Our first look at gameplay from 2014’s PSX shows Uncharted has learned a lot of valuable lessons from The Last of Us  namely how to make third-person fisticuffs more stylish and involving for the player while maintaining its pulpy, real-world-ish weight and impact, and if nothing else we can rest assured it will be gorgeous.

[update] Pushed to 2016.  Oh well. [/update]
 
The Banner Saga - PS4, Vita - 2015
Developer: Stoic

#8 Stoic's The Banner Saga, an early standout of the Kickstarter generation of games, should nicely fill the brutally-difficult-strategy-game void on my Vita that’s remained in the absence of an XCOM: Enemy Within port. When The Banner Saga dropped on PCs in 2014, it earned a lot of critical praise and several best strategy game nods – and I’m definitely in the market for some uncompromising, turn-based low fantasy.
 
Mirror's Edge 2 – PS4, One, PC – 2015?  Maybe?  We have no idea.
Developer: D.I.C.E.

#9 2008’s Mirror’s Edge – a pure first-person platformer with a lovely atmospheric soundtrack and bright, minimal, modern art direction – remains unique, more than a half-decade since its release on last-gen consoles.  To this day, I hold that Mirror’s Edge represents the type of leap (heh) the platforming genre hadn’t seen since Super Mario went 64, and an instant classic.  Fans have been clamoring for a sequel ever since, and EA have finally admitted they’re giving it to us.

Praise be.  Let's hope it actually comes out this year. 
 
Severed – Vita – Spring 2015
Developer: Drinkbox Studios

#10 Drinkbox, who cut their teeth on cute, fun platformers before establishing themselves with one of the better action-platformers of the past decade in the shape of Guacamelee, pull a Klei with Severed – striking out in a completely new direction for the studio.  A first-person gesture-controlled dungeon crawler with a morbid but vibrantly colourful and beautiful aesthetic, Severed casts the player as a young woman who survives an attack on her clan and the loss of her arm.  She sets out to put things right, exploring, chopping parts off fanciful, bold enemy designs and grafting them on to herself to gain their strength – growing ever more powerful and grotesque.  Oh, and what we've heard of the soundtrack thus far is incredible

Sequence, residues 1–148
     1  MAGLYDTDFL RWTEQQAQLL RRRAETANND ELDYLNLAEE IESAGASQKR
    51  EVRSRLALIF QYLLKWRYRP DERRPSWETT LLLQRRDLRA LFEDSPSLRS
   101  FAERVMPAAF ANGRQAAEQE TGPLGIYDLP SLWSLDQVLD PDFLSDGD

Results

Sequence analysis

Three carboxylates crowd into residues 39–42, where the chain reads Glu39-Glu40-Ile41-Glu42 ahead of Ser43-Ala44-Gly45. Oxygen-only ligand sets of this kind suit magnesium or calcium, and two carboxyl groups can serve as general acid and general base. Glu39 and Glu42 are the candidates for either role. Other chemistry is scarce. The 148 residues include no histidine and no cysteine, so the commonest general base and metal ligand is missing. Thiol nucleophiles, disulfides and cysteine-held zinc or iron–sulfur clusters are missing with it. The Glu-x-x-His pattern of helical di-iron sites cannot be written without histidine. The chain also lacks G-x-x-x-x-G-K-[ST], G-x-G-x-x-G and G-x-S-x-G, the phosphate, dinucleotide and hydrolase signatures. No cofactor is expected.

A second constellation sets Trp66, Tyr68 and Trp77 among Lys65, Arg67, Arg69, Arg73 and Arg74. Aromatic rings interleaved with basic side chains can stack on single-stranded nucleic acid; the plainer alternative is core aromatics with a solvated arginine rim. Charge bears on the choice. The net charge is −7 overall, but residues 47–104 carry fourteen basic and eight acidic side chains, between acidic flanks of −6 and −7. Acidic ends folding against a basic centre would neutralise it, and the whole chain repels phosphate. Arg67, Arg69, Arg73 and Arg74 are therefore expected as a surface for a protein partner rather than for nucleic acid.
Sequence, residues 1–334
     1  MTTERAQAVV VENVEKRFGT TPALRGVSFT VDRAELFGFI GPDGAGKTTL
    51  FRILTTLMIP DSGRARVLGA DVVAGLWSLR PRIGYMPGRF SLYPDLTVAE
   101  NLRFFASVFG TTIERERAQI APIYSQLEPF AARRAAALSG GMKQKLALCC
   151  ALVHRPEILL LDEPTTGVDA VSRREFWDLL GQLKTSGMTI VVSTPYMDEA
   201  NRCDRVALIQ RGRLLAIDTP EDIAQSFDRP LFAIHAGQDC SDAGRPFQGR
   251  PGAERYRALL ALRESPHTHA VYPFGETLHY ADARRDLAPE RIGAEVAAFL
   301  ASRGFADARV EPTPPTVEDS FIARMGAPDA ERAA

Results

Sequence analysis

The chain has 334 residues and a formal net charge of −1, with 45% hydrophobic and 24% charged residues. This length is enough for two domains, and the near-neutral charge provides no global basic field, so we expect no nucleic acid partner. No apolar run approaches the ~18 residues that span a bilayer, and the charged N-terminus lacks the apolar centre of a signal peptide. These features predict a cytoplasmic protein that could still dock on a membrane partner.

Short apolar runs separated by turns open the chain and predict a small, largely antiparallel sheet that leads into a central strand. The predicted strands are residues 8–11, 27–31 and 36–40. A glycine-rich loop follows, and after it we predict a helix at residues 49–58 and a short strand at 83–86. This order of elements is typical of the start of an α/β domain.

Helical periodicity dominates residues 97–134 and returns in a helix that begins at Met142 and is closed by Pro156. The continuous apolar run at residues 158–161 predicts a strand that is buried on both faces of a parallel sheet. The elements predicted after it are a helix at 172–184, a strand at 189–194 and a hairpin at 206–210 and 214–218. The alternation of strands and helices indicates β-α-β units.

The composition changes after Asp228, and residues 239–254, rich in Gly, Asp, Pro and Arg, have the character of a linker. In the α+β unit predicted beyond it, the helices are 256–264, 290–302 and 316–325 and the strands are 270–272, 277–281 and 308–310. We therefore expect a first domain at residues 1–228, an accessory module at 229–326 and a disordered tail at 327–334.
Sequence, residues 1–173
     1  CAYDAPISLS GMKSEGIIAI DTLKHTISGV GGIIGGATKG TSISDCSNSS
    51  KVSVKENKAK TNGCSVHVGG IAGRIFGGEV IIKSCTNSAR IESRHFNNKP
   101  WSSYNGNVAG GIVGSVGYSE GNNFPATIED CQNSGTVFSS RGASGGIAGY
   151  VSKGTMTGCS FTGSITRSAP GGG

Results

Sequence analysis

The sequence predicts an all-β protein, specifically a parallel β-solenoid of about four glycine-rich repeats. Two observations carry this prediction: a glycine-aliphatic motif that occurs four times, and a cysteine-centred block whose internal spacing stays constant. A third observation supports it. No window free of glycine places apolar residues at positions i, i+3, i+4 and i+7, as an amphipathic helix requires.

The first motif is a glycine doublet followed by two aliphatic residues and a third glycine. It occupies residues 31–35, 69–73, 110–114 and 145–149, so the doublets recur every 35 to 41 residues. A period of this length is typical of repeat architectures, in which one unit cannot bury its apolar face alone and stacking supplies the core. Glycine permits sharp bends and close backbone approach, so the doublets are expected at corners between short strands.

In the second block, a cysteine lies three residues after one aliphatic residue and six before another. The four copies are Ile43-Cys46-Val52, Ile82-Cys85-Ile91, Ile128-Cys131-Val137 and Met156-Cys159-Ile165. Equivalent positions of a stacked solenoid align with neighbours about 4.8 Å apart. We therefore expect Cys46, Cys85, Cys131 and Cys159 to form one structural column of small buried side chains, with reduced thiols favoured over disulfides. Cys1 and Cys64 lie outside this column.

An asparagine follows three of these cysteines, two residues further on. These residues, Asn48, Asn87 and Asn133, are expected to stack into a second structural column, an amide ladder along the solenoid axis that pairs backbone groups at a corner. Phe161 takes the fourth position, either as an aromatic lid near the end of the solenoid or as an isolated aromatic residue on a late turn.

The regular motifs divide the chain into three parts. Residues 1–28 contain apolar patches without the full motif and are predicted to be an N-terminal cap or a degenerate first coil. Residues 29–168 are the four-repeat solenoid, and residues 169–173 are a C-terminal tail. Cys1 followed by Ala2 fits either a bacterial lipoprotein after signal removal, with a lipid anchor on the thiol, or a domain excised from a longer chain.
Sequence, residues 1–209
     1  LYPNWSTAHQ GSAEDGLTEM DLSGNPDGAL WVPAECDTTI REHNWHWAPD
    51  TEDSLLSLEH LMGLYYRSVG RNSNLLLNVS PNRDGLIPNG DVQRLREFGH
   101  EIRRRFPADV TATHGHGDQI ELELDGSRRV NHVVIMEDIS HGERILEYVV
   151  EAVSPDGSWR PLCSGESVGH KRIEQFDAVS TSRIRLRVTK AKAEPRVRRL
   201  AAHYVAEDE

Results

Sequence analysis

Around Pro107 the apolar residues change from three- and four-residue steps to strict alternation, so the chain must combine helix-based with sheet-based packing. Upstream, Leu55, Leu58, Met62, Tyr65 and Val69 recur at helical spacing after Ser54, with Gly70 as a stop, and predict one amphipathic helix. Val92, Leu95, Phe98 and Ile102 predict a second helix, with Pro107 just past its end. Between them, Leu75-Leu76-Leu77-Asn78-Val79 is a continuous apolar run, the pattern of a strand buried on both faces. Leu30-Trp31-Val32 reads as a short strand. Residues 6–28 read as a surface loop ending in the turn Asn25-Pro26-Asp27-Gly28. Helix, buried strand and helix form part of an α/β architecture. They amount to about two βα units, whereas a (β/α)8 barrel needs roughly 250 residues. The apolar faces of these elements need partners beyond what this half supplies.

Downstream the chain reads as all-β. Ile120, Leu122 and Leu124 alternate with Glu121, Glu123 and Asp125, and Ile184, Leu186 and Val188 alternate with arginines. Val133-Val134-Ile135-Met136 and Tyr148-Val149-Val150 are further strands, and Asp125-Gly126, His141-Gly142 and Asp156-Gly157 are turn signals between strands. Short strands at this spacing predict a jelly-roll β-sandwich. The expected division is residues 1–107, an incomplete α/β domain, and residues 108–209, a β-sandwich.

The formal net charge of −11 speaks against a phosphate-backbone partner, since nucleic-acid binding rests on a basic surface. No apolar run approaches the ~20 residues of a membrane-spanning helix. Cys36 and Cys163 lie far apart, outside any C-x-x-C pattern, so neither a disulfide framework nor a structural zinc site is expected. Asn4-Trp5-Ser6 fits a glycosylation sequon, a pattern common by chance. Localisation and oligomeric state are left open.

It’s Drinkbox.  Count me in.
 
Hyper Light Drifter – PC, OSX, Linux, PS4, Vita, Wii U, One – "Early" 2015
Developer: Heart Machine

#11 Perhaps the most prominent Kickstarted game in recent memory, Hyper Light Drifter’s gorgeously animated, expressive pixel art and lush presentation – combined with the promise of deep, fast-paced action and a ton of exploration – put the game at the top of many most-anticipated indie lists.  Heart Machine have taken a lot of time fine-tuning the game’s zippy, supremely challenging combat, and press reaction to the gameplay at recent events has been uniformly positive – now we just need to see if they can finish the game.